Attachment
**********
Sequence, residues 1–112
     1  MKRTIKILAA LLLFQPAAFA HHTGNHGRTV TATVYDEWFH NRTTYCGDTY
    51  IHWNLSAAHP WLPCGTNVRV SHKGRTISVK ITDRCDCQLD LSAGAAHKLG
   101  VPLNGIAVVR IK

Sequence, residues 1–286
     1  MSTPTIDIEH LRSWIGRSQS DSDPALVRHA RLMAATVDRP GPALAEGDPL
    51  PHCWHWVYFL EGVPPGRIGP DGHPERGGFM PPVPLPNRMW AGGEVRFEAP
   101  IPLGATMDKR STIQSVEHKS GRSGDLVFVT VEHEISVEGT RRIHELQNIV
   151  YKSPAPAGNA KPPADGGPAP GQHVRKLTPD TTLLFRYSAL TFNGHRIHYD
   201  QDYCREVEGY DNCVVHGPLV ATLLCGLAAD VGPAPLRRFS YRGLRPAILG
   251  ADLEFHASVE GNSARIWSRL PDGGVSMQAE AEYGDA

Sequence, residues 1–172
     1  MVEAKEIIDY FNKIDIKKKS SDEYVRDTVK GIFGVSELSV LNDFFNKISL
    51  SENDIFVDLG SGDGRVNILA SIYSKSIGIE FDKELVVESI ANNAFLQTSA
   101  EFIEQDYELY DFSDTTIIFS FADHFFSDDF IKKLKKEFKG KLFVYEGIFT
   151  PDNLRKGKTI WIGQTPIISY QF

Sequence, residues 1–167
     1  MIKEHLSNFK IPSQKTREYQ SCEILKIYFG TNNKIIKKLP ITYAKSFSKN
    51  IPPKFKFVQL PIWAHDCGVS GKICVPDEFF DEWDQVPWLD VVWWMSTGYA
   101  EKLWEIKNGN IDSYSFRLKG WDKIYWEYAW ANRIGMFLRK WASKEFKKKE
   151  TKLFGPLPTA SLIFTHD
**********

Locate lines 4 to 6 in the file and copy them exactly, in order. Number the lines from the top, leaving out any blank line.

   101  VPLNGIAVVR IK

Sequence, residues 1–286
     1  MSTPTIDIEH LRSWIGRSQS DSDPALVRHA RLMAATVDRP GPALAEGDPL